Described by historian John Hebron Moore as “Mississippi’s foremost agricultural authority of the 1840s and 1850s,” Martin W. Philips owned a Hinds County plantation, wrote instructional articles about agricultural techniques and equipment, and eventually started his own firm that manufactured agricultural implements. A native of Columbia, S.C., Philips moved to Hinds County in the 1830s to start a plantation with his new wife, Mary. He had a medical degree but did not practice in Mississippi. Philips was one of many Mississippi planters to suffer serious financial losses because of the Panic of 1837, and he resolved both to practice and to publicize agricultural techniques that would reduce expenses and increase productivity. Reflecting on the economic problems of the 1830s, Philips wrote that too many planters used the “common careless mode of planting” that wore out good soil and left planters wanting to move farther and farther west.
Philips wrote numerous articles for journals like American Agriculturist, DeBow’s Review, Southern Cultivator, the Jackson Southron, and the Jackson Mississippian. He wrote from personal experience about cotton gins, cultivators, plows, hoes, and gins, and also commented on seeds and livestock.
Like many planters Philips kept a journal filled with details about agricultural practices. Historian Franklin Riley edited the journal, which ran from 1840 to 1863 and printed it in the Publications of the Mississippi Historical Society in 1906. That diary was primarily a record of agricultural decisions Riley made about when and what to plant and how to use his slaves, who numbered between fourteen in 1846 and thirty in the mid-1850s. In January of most years, Riley began his diary with specific plans for acreages of various crops with projected yields for each of those crops and ended it in December with discussions of what went wrong.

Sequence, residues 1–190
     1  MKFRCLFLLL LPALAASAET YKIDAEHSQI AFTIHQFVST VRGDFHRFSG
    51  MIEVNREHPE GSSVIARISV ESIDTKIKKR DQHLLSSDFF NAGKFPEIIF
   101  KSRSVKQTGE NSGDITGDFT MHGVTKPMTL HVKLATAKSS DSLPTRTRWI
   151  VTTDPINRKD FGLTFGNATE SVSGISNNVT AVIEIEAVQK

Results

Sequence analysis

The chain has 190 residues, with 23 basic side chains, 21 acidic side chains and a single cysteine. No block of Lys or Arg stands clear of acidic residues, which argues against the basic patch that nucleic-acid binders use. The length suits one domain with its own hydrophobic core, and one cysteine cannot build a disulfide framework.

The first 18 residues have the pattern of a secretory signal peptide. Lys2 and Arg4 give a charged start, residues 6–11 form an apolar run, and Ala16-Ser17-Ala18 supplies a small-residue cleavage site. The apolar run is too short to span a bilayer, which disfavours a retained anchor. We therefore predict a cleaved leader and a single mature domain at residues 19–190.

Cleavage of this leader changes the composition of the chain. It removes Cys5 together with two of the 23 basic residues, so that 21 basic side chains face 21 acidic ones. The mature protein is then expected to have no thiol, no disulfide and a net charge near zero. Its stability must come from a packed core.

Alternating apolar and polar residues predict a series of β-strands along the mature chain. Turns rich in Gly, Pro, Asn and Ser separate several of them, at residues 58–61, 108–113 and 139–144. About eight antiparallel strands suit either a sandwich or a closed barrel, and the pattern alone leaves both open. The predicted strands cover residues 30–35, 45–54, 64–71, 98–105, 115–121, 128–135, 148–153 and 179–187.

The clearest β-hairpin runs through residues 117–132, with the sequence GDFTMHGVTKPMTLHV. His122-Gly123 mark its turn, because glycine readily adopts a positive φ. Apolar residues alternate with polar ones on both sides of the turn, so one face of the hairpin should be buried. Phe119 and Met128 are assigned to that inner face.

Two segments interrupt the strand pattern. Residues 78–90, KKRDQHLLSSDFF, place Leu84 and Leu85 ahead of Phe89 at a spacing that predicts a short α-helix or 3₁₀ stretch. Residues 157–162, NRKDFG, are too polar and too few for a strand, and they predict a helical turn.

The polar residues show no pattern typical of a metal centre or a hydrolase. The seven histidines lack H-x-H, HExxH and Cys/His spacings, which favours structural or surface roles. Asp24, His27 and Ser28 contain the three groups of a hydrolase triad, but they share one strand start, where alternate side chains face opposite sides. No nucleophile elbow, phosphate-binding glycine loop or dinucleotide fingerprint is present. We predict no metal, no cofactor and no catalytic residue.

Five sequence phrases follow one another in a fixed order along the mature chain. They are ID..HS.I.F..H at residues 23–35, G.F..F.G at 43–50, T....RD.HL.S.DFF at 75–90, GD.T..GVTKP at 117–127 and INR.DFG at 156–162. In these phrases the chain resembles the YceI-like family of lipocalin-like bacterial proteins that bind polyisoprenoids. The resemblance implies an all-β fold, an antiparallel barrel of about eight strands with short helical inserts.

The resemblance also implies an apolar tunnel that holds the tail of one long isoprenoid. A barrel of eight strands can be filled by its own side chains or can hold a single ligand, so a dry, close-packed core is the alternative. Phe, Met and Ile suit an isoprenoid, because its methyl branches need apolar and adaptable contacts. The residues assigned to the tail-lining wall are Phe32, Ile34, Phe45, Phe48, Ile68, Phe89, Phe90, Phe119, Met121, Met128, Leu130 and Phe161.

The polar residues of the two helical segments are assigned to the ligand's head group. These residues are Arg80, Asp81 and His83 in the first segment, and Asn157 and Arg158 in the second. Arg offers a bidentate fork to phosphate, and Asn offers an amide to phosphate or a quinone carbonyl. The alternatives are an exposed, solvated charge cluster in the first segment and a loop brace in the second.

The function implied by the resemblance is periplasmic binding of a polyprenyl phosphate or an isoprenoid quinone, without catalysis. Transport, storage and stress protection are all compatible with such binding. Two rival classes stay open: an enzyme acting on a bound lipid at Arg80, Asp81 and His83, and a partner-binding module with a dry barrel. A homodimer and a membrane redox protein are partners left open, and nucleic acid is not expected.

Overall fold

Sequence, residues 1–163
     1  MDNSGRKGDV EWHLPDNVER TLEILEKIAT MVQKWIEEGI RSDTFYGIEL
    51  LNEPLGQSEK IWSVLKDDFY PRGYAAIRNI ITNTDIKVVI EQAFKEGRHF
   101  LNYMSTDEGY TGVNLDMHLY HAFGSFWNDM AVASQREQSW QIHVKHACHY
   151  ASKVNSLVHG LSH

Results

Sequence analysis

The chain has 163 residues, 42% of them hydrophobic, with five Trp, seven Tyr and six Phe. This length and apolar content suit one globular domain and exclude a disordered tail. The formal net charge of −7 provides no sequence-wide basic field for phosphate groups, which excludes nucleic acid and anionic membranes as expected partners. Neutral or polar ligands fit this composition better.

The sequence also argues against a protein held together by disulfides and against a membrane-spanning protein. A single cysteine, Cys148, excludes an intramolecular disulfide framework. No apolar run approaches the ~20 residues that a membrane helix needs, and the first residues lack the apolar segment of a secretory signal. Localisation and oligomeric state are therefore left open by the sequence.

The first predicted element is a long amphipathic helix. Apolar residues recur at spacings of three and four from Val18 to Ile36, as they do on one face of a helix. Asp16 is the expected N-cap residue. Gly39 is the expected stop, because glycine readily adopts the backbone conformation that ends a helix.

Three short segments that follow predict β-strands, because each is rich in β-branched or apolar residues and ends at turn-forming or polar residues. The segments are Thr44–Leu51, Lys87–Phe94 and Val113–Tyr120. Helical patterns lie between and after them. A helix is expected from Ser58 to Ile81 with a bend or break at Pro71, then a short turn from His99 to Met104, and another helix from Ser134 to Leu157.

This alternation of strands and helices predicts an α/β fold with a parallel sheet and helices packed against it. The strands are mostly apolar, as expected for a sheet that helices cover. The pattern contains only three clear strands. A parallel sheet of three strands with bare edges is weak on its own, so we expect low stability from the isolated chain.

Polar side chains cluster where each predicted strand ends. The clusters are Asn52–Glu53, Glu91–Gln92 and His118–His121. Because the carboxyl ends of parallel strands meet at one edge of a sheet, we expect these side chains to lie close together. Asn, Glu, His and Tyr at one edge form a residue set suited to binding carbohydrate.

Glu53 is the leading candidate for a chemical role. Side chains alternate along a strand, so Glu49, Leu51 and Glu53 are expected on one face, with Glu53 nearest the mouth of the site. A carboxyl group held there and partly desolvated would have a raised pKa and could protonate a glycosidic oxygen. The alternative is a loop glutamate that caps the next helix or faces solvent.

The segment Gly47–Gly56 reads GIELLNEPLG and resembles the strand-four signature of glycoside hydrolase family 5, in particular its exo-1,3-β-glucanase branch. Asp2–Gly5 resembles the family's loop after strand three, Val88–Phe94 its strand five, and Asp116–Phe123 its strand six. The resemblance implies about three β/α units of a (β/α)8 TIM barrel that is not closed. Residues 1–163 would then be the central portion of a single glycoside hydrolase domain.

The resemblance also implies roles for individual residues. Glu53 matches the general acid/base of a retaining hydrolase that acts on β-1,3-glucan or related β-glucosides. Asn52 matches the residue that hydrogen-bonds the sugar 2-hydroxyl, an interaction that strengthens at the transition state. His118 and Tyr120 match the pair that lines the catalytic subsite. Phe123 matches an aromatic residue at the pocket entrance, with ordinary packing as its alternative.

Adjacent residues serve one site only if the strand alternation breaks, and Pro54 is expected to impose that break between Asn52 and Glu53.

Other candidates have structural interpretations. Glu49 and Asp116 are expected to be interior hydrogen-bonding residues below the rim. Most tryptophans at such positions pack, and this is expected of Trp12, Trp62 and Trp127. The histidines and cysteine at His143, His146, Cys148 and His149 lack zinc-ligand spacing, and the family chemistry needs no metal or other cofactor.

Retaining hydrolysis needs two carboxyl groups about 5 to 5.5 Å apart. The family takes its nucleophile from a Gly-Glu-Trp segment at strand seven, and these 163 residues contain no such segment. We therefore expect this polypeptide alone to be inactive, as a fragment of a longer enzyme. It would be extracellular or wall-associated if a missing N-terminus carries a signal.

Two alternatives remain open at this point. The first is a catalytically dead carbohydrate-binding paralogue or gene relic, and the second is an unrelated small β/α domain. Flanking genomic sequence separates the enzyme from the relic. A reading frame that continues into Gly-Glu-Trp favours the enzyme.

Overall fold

In the late 1850s Philips moved from writing about agricultural implements to manufacturing them. He was so impressed by a steel plow invented by Kentuckian Thomas Brinley that he manufactured the plow, along with cotton gins, wagons, and numerous smaller items, in a new firm he called the Southern Implement Company. The company produced goods for the Confederacy until it was destroyed by Union troops in 1863.
After Mary Philips died in 1863, Martin Philips took a series of positions as the head of the State Insane Asylum, the editor of Southern Farmer, the head of the new Department of Agriculture at the University of Mississippi, and finally proctor of the university. He died in 1889.
- Franklin L. Riley, Mississippi Historical Society, Publications (1909)
- John Hebron Moore, The Emergence of the Cotton Kingdom in the Old Southwest: Mississippi, 1770–1860 (1988)
- Eugene D. Genovese, Roll, Jordan, Roll: The World the Slaves Made (1974)